Endovascular embolization of PS is an attractive minimally invasive option. When compared with conventional surgery, it is potentially less prone to associated complications. Treatment of PS with endovascular embolization is described in the pediatric literature [24, 25]; however, there is limited experience in adults [2629].

The literature documenting the side effects of embolization appears to be more robust in the pediatric population. Infection, thrombosis at puncture sites, fever, pain, hypertension, and migration of embolization material to nontarget arteries have been reported [30]. In adults, the described sequelae largely mirror the side effects described in a similar procedure, such as adult embolization of arterial venous malformations in pulmonary parenchyma and embolization of bronchial arteries in cases of massive hemoptysis [31]. The most feared complication is inadvertent embolization of a spinal artery, which has been reported in cases of bronchial artery embolization [32]. However, retained nonaerated pulmonary parenchymal tissue as a result of embolization is also feared because this would create a difficult-to-access nidus for infection [33]. A large-scale comparison of surgical vs. endovascular treatments in adults has not been published to date. This case report adds to the growing number of reports of adult patients who have been treated with embolization, thus adding to a population that can be compared with those receiving surgical treatment.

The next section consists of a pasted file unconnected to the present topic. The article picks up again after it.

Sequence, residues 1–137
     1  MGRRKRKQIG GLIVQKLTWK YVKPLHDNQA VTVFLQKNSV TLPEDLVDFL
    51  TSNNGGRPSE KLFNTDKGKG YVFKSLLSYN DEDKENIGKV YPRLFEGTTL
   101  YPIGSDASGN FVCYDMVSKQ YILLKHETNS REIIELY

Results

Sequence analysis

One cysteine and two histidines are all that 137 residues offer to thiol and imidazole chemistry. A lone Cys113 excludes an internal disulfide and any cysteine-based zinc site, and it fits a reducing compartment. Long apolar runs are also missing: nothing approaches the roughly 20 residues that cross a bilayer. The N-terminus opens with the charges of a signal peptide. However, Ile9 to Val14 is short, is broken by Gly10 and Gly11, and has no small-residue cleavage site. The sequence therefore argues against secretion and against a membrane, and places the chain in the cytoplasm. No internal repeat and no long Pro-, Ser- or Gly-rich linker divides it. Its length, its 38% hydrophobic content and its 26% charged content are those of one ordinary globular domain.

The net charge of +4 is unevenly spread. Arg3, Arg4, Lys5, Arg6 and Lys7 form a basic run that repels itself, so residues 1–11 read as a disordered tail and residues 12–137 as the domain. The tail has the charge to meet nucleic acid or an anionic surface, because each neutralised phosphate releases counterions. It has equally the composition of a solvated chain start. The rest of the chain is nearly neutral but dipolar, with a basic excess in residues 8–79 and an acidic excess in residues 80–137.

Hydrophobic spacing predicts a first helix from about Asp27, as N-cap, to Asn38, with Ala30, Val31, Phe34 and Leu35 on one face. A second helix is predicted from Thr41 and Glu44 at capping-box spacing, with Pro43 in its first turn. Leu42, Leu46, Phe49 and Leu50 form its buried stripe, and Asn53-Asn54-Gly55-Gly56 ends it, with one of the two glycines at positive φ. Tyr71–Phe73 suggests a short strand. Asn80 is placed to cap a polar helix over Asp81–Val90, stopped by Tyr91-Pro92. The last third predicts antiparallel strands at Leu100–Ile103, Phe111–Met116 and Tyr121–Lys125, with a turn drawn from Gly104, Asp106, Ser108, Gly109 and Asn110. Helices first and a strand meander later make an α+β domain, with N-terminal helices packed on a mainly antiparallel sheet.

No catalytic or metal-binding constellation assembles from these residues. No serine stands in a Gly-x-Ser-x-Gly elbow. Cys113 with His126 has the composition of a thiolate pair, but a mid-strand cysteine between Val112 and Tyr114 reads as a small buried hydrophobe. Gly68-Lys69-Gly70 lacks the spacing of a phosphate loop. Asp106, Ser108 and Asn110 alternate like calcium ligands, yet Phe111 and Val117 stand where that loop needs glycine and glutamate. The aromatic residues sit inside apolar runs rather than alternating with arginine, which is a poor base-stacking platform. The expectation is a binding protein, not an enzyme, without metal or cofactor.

Conclusions

Treatment of symptomatic PS with embolization can be considered as an alternative to surgical resection in cases where surgery would have significant morbidity and mortality risks. Currently, no comprehensive studies have been completed to compare standard care (that is, surgical excision) with embolization. A multidisciplinary team should assess the patient to determine which treatment course provides the best risk–reward balance and likelihood of a durable response.

Abbreviations

ILPS: 

Intralobar pulmonary sequestration

PS: 

Pulmonary sequestration

VATS: 

Video-assisted thoracoscopic surgery

Declarations

Acknowledgements

N/A.

Funding

No funding was provided or necessary in the preparation of this manuscript.

Availability of data and materials

All references may be accessed via hyperlink. No datasets were used in the preparation of this manuscript.

Authors’ contributions

JE prepared the main manuscript and abstract. SB and DD played a major role in editing, layout, reviewing references, and adding to the manuscript. BC was the attending interventional radiologist and provided guidance on procedure and procedural background. JH was the attending pulmonologist, provided further background on the procedure and standard care, and oversaw the patient’s clinical course. All authors read and approved the final manuscript.

Ethics approval and consent to participate

No personal information is provided in the report. The patient provided informed consent.

Consent for publication

Informed consent was obtained from the patient for publication of this case report and any accompanying images. A copy of consent is available for review by the Editor-in-Chief of this journal.

Competing interests

The authors declare that they have no competing interests.

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Authors’ Affiliations

(1)
Tripler Army Medical Center, 1 Jarrett White Road, Honolulu, HI 96859, USA

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Copyright

© The Author(s). 2018